Date Palm Genetic Diversity Analysis Using Microsatellite Polymorphism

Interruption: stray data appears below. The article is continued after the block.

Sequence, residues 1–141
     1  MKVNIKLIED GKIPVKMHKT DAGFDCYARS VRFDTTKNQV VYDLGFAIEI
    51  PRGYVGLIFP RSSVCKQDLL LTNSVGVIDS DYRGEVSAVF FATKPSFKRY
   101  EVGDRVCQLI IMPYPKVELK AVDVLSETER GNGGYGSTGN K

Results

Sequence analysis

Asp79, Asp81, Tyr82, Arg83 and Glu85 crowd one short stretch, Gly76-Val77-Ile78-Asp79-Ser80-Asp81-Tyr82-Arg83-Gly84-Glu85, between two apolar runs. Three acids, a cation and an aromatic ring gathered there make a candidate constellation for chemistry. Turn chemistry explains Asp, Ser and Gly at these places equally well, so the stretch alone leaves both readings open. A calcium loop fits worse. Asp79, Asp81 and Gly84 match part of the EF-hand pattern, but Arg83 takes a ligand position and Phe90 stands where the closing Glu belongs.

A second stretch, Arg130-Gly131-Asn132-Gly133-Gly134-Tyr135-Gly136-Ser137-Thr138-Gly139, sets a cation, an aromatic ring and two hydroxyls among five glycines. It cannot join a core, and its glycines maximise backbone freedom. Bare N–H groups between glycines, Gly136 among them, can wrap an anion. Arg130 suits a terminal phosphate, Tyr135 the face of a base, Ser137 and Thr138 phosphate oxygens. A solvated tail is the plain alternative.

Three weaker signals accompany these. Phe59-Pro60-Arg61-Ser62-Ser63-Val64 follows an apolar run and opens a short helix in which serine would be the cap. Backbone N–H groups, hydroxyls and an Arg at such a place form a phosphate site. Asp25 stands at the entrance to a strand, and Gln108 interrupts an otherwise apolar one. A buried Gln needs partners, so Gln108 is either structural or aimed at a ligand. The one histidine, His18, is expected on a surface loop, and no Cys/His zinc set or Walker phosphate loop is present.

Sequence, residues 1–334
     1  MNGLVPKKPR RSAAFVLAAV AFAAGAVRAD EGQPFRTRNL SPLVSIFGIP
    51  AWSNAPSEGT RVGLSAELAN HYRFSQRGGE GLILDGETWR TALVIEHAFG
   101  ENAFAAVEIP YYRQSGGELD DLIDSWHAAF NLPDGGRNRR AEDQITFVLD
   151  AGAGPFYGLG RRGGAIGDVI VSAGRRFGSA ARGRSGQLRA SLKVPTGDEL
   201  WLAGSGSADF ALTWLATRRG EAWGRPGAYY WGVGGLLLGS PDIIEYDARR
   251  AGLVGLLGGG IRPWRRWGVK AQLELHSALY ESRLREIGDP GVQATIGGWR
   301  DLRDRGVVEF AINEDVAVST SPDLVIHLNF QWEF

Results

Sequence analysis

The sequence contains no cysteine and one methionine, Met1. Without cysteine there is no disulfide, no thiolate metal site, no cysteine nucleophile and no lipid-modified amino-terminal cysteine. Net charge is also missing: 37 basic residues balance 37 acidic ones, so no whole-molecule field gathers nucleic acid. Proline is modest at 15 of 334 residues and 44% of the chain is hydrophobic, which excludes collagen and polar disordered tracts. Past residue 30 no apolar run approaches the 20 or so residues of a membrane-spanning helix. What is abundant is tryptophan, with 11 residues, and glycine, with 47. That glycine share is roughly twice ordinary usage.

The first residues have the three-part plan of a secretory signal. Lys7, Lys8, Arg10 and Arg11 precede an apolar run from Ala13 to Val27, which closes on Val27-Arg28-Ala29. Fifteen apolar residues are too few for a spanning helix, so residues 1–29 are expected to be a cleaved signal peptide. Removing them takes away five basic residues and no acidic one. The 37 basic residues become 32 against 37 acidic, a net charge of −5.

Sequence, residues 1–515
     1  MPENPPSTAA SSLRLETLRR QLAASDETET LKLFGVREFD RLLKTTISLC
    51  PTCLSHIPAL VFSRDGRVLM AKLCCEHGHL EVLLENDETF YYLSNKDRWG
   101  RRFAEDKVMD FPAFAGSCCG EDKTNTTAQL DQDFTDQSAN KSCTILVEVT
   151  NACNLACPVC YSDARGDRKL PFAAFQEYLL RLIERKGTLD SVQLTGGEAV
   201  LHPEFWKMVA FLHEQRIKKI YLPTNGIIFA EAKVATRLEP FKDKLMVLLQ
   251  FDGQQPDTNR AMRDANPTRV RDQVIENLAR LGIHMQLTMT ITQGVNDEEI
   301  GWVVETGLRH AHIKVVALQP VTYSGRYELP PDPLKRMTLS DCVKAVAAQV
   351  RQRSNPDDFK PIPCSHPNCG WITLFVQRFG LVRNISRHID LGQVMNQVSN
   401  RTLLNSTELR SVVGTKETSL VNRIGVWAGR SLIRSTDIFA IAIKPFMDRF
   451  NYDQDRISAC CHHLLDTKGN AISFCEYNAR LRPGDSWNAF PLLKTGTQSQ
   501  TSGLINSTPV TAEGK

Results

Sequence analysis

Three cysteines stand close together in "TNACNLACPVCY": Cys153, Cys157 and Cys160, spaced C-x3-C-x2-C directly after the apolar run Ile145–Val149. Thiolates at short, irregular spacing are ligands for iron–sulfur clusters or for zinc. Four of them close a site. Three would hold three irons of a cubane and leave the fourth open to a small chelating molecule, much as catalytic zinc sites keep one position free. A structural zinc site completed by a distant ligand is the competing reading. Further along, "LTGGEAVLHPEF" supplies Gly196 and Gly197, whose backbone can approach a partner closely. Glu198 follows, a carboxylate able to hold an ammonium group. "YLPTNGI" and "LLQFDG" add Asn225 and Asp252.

Date palm (Phoenix dactylifera L.) is considered one of the great socioeconomic resources in the Middle East and the Arab regions. The tree has been and still is at the center of the comprehensive agricultural development. The number of known date palm cultivars, distributed worldwide, is approximately 3000. The success of genetic diversity conservation or any breeding program depends on an understanding of the amount and distribution of the genetic variation already in existence in the genetic pool. Development of suitable DNA molecular markers for this tree may allow researchers to estimate genetic diversity, which will ultimately lead to the genetic conservation of date palm. Simple sequence repeats (SSRs) are DNA strands, consisting of tandemly repeated mono-, di-, tri-, tetra-, or penta-nucleotide units that are arranged throughout the genomes of most eukaryotic species. Microsatellite markers, developed from genomic libraries, belong to either the transcribed region or the non-transcribed region of the genome, and there is rarely available information on their functions. Microsatellite sequences are especially suited to distinguish closely related genotypes due to a high degree of variability making them ideally suitable in population studies and the identification of closely related cultivars. This chapter focuses on the methods employed to characterize date palm genotypes using SSR markers.